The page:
My experience with breast cancer started over 50 years ago when I lost my mum. She was only 35 years old with two small children, a four-year-old and a one-year-old.
In those days, no one spoke about things like this, so it was quite some time before I knew she had breast cancer. However, the effects of losing our mother at such a young age has had a lifelong impact for both my sister and I.
Over the years, I have been involved in lots of different types of study. I love learning new things, with the thrill of a challenge being all part of the story.
One of my other passions is to help others by volunteering whenever I can. This has taken many different forms, from being involved with my children’s sporting clubs, schools, guides and scouts to volunteering for the Commonwealth Games, FINA 2007 and the ICC World Cup in 2015.
In 1990, I returned from living in the UK for nine years with my two children. While I had been living there I had learnt that my mother’s cause of death was breast cancer.
At the time, this really did not mean much to me, but when I went to see a new doctor in Melbourne and shared my family history, I was soon to learn that this put me at a higher risk than most others, for breast cancer.
I was 30 when I went for my first mammogram and underwent screening over the next 18 years. Fast forward to 2008, as part of my yearly screening process, it
was discovered that there were changes that needed further investigation. After a month of testing, MRI, core biopsy and core biopsy with mammogram, it was discovered that I had DCIS and that it was extensive.
With my family history, it was highly recommended that I had a mastectomy on the right side, followed by another mastectomy on the left as a preventative measure.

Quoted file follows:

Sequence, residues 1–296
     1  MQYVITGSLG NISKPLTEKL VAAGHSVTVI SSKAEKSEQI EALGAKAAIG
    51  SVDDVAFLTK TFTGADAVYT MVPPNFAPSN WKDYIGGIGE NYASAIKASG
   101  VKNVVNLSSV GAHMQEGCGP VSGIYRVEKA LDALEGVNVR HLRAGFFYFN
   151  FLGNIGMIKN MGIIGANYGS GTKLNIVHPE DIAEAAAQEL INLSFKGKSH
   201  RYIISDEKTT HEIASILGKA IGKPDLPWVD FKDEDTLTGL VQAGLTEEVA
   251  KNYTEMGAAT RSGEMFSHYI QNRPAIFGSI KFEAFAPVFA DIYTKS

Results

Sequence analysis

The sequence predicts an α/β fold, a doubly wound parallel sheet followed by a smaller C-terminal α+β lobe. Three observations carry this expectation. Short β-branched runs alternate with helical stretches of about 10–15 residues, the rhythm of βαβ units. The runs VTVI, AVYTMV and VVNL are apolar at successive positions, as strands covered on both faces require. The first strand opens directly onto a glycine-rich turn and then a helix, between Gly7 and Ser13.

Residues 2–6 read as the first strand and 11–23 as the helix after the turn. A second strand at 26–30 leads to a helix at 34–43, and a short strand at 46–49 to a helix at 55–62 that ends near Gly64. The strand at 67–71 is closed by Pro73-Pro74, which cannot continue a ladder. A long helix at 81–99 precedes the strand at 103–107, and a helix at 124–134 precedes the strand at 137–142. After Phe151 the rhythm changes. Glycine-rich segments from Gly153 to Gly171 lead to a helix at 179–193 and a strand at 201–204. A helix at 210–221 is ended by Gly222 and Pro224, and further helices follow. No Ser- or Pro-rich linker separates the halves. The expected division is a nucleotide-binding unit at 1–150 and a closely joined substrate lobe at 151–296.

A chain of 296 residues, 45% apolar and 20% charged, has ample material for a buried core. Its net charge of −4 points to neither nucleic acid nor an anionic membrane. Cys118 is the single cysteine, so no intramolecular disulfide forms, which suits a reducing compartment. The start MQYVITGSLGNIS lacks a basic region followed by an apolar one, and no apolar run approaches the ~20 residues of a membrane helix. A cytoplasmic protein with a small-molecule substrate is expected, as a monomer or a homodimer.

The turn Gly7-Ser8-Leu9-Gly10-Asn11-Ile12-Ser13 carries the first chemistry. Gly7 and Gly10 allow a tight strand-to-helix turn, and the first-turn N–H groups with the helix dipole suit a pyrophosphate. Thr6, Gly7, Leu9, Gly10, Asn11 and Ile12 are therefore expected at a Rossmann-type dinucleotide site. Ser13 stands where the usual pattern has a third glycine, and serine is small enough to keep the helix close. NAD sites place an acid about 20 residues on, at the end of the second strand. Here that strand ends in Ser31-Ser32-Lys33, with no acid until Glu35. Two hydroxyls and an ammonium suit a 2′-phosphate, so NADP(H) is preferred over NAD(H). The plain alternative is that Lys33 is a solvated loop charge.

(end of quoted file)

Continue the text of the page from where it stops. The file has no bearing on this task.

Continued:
Once I had finished a year of surgeries, I felt it was time to find a new direction in my life. I went back to university and was accepted to study nursing at Deakin University, a long-held dream.
However, this was not to be.
About six months into the course, I managed to trip over a stair gate and smash my shoulder up very badly. I finished my first year, then transferred to health science and then was accepted into the Master of Public Health course.
However, by this stage I began to struggle – trying to do too many things – including volunteer work and being away from home too often to settle back down to study again.
In 2012, I attended an amazing conference in Sydney with BCNA. This sparked my interest to become more involved. I then undertook my training to be a Community Liaison and became part of the Review & Survey Group.
While I love these roles and am still involved, I was looking for something else, something that would allow me to use my study
and knowledge of health and research.
In 2016, I took part in the BCNA Consumer Representative training. Well, I had finally found my calling, my passion, and I felt at home. This role allows me to combine everything I am passionate about and also keeps my brain active and thinking. I have opportunities to be involved in a number of exciting projects, to meet some amazing people from all walks of life, to get involved in some very interesting discussions and to make a contribution to the future of women and men in terms of breast cancer diagnosis, care and future directions.
Thank you BCNA for giving me this opportunity.